“I liked the idea of dual protagonists, where it wasn’t hanging on one or the other. One brother didn’t think he needed the other, and the other couldn’t believe the other didn’t need him. So we had a nice visual metaphor of one brother rescuing the other,” says Labine, who made his first feature in 2008 with Control Alt Delete.

 

“You know, that idea that you’re allowing your brother to rescue you. You are letting go of something.” Finding out what you have to let go of is part of the journey, says Labine, who now also writes Assassin’s Creed scripts for game software giant Ubisoft. “I’m still exploring my feelings as a man and as a brother,” he says.

 

“My real brother is the lead and he liked it. It was obvious to him that I am the Cooper character, maybe not quite as good-looking as Chace, but same ball park.” Labine smiles. “Anyway, he could really relate to Toph, and he could see a truth in our relationship in the brothers.”

 

Ask Labine what that truth is and he takes a moment to reflect. “I guess more the idea of one keeping the other at arm’s length — which I can be guilty of.”

 

Labine says his actor brother Tyler has taught him a lot about expressing his own feelings a little more freely, and since this movie is about one brother learning to express his feelings, he admits: “I guess this movie is about me sharing my feelings for my brothers.”

 

“I think it’s hard for men to express their feelings. Maybe it’s the machismo paradigm we grew up in, not that my father was emotionally withholding at all. We picked it up from somewhere, and we’re trying to undo it.”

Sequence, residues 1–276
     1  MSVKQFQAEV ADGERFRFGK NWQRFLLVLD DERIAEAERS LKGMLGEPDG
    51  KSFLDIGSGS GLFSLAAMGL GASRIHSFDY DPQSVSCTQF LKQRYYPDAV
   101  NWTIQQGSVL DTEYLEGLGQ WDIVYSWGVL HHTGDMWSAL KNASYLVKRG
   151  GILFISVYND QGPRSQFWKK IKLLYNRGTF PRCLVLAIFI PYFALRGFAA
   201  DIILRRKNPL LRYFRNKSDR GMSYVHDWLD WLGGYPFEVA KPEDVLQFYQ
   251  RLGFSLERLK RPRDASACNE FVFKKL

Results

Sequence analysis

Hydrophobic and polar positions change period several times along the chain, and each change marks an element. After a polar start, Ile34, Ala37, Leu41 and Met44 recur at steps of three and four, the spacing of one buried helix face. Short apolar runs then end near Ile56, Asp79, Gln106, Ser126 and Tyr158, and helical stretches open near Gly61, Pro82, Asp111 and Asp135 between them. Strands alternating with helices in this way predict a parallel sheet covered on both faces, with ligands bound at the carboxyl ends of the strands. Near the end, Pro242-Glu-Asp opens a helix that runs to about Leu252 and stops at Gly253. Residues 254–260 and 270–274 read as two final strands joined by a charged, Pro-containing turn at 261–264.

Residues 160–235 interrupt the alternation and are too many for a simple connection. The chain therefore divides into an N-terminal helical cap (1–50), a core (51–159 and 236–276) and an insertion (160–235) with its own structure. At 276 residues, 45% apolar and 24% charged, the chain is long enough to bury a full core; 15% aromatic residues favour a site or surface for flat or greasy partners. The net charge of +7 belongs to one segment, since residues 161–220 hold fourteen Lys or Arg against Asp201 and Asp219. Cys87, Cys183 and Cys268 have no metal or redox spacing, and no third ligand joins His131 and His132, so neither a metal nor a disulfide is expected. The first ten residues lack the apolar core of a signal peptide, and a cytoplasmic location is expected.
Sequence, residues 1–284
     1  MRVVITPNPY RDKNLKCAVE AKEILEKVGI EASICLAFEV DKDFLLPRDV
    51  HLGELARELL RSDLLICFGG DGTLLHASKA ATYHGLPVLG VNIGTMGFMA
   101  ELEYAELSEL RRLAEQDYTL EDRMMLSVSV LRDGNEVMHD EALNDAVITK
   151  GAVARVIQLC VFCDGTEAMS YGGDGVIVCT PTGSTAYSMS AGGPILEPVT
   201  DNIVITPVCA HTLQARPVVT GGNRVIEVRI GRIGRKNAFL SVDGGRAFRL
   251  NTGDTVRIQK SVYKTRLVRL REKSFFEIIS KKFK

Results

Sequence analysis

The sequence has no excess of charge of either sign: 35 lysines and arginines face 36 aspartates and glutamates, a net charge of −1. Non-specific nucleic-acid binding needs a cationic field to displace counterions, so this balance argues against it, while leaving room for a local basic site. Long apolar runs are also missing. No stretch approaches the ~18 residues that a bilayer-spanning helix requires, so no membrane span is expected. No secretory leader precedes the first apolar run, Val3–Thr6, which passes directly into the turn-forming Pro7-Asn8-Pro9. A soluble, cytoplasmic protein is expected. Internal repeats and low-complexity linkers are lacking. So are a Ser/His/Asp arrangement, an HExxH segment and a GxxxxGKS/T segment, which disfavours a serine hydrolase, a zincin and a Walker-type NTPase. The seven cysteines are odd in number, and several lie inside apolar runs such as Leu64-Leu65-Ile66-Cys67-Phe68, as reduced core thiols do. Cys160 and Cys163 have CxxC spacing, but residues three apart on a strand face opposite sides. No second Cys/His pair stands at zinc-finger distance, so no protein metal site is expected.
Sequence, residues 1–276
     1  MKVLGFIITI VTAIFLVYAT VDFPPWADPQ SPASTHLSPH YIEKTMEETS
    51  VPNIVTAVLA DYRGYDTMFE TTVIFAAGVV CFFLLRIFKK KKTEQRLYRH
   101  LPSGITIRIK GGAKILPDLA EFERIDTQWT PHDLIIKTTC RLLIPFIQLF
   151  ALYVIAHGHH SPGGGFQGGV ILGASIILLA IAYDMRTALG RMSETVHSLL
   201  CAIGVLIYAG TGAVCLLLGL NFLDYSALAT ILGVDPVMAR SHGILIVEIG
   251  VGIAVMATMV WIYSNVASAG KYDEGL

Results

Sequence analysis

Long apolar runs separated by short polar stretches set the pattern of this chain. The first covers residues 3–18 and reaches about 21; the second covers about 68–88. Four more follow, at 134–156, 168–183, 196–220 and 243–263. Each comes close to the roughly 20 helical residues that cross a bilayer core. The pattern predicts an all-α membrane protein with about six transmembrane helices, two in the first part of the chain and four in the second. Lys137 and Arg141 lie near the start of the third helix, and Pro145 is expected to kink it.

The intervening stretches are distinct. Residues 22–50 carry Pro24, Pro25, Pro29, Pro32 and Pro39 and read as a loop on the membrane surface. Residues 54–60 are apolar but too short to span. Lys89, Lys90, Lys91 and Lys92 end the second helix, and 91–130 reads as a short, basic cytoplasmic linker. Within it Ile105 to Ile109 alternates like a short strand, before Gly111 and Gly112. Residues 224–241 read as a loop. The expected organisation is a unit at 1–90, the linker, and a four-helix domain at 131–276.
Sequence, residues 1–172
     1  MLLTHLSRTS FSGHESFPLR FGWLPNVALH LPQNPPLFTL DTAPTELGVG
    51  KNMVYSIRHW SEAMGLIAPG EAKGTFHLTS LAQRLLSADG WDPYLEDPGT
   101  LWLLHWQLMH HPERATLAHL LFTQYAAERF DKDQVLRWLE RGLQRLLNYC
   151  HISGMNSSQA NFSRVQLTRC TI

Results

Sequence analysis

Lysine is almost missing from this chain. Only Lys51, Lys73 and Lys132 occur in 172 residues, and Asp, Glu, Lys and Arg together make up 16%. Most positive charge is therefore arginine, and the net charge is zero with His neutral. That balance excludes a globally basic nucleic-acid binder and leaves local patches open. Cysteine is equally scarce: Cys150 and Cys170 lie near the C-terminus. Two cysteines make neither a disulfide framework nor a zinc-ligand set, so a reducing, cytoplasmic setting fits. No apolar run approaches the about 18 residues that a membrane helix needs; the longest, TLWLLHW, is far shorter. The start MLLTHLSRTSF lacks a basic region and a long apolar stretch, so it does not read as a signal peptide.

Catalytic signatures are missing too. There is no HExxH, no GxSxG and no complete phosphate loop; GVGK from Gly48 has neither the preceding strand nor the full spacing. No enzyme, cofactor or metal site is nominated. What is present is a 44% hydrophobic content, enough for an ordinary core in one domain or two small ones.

“I think it’s hard for men to express their feelings. Maybe it’s the machismo paradigm we grew up in, not that my father was emotionally withholding at all. We picked it up from somewhere, and we’re trying to undo it.”

 

Like all good Canadian wilderness movies (and some bad ones), there is a missing paternal figure in the Mountain Men mix. The father was lost in the wilds, presumed dead.

 

“When I started bringing on the father storyline, and realized the movie is definitely about masculinity and the idea they need to define themselves in relation to their father, that was the ah-ha moment. There is a reason for them to be out there now, and it gave the movie something to pivot on.”

 

Labine says his father is alive, but he and his brothers wrestle with a few lingering issues regarding their genetic predispositions. “My dad had a meltdown a few years back and I think we all wondered if we were destined to follow the same path. If we would hit a point where we just couldn’t handle it.”

 

So far, so good: Labine says he and Tyler and their little brother Kyle are all learning to become men in their own ways, and it’s interesting to watch it unfold.

 

“Making a movie is so physically and mentally taxing, I felt more like a man after making it. I mean it’s a movie, but within reason, I do feel I grew a lot in the process of making it… I think I learned how to speak plainly, and not hide behind style.”

 

Mountain Men opens in theatres this week.

 

@katherinemonk

THE EX-PRESS.COM